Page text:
Thursday, 23 October 2014

The Swimmer: running and swimming through London

Lining up for the first plunge of the day at Highgate Men's pond
In The Swimmer, John Cheever's celebrated 1964 short story, Neddy Merrill decides to swim home via a dozen or so of his neighbours’ pools. Of course, to link this chain of water, he has to run across lawns, through woods and down busy roads.

Inspired by Neddy’s watery journey, two south Londoners, Will Watt and Jonathan Cowie, came up with the idea of The Swimmer, a relaxed half-marathon that takes in a number of London’s finest parks and open-air pools. Starting in Hampstead in north London, the route heads down through the centre, crosses the Thames and ends up “back home” at Brockwell lido, near Brixton.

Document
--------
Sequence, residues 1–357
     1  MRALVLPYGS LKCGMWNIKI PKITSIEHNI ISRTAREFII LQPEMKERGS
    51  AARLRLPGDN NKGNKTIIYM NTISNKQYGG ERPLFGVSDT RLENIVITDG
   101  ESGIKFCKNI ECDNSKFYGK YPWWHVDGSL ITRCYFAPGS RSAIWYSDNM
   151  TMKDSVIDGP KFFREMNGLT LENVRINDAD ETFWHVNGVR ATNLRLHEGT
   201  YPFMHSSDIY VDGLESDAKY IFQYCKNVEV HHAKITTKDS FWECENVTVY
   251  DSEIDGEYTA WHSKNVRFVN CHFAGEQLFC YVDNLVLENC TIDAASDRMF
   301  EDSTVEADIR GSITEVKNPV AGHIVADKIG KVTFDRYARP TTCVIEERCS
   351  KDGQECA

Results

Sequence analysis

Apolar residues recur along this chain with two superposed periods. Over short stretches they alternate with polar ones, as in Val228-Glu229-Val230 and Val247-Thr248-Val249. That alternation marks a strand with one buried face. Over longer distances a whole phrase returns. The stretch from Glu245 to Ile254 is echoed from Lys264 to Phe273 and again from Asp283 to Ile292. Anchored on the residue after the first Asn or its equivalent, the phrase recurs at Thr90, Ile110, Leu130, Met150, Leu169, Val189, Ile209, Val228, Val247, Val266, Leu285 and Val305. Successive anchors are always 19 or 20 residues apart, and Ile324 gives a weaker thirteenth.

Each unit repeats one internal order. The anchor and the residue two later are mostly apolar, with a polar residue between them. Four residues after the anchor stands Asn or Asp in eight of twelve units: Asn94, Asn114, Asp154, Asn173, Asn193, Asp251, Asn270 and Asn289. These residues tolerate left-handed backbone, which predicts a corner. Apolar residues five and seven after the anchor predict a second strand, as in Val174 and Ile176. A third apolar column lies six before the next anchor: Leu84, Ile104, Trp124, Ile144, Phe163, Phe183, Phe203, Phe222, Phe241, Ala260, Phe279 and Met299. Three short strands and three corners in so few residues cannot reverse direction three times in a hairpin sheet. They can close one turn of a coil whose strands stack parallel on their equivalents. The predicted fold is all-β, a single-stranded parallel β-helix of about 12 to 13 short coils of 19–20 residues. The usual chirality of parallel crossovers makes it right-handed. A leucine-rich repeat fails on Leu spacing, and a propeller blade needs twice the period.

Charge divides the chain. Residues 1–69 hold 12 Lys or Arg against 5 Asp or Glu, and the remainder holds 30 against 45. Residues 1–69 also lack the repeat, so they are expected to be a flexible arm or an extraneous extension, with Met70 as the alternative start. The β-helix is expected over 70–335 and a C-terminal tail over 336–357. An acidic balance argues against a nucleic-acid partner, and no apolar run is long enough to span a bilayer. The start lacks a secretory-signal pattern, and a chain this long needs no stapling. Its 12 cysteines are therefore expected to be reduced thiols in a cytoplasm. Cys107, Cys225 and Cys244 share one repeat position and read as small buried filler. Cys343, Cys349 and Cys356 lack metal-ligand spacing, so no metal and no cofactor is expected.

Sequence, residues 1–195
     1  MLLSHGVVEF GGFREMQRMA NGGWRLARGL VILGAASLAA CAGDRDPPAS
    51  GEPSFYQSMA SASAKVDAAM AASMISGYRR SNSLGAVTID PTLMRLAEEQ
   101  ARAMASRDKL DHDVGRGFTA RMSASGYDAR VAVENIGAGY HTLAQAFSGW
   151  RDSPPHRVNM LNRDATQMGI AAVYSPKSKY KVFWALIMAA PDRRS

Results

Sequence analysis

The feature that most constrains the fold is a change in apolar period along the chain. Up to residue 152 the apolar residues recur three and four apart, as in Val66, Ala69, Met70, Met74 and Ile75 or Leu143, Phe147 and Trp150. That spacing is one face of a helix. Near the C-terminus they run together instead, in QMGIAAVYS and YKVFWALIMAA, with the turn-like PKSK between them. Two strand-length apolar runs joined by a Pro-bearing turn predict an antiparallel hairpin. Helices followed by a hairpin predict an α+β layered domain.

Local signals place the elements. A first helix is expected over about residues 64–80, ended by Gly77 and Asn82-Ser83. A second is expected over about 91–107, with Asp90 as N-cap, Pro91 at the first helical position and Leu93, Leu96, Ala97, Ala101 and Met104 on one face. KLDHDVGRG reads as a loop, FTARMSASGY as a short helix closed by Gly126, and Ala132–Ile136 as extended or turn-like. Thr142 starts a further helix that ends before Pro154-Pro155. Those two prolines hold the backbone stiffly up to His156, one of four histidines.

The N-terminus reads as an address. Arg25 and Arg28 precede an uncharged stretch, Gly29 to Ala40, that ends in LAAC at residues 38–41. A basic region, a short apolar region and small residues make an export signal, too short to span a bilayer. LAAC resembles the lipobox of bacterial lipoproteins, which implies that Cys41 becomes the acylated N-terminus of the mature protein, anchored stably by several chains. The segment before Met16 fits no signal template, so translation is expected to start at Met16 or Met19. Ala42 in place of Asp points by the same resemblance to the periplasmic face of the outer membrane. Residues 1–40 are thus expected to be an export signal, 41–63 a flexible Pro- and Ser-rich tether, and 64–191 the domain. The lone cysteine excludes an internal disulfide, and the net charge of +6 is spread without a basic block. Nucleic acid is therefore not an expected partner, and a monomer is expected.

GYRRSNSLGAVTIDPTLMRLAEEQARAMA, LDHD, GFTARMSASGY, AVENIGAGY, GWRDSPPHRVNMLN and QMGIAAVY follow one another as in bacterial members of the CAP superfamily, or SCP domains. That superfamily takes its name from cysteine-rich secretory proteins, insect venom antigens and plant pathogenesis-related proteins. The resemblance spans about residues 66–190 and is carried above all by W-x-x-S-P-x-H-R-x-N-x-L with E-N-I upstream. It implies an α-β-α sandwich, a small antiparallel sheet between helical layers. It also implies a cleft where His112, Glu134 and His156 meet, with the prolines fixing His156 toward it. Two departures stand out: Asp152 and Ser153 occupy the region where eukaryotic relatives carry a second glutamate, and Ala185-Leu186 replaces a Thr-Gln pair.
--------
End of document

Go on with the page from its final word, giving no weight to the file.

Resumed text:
Running across the Heath
After months of admiring it from afar, I finally signed up for the October Swimmer. It’s a brilliant event and I’ve written up the day – or rather early morning – for the Guardian’s running blog: The perfect joy of swimming and running through London.  

Continuing the theme of transplanting great sporting feats to the streets of London,  someone has also invented a London version of the Bob Graham Round. Heights of Madness is a run that takes in all the inner London boroughs - 41 miles, 12 summits in an amazing six hours. Now if they combined this with the Swimmer...

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